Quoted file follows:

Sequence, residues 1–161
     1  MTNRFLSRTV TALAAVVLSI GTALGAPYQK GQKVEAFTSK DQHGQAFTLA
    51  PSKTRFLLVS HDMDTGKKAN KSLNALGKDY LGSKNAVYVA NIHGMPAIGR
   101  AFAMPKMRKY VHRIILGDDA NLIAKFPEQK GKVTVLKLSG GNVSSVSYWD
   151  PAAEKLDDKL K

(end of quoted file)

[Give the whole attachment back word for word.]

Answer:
Sequence, residues 1–161
     1  MTNRFLSRTV TALAAVVLSI GTALGAPYQK GQKVEAFTSK DQHGQAFTLA
    51  PSKTRFLLVS HDMDTGKKAN KSLNALGKDY LGSKNAVYVA NIHGMPAIGR
   101  AFAMPKMRKY VHRIILGDDA NLIAKFPEQK GKVTVLKLSG GNVSSVSYWD
   151  PAAEKLDDKL K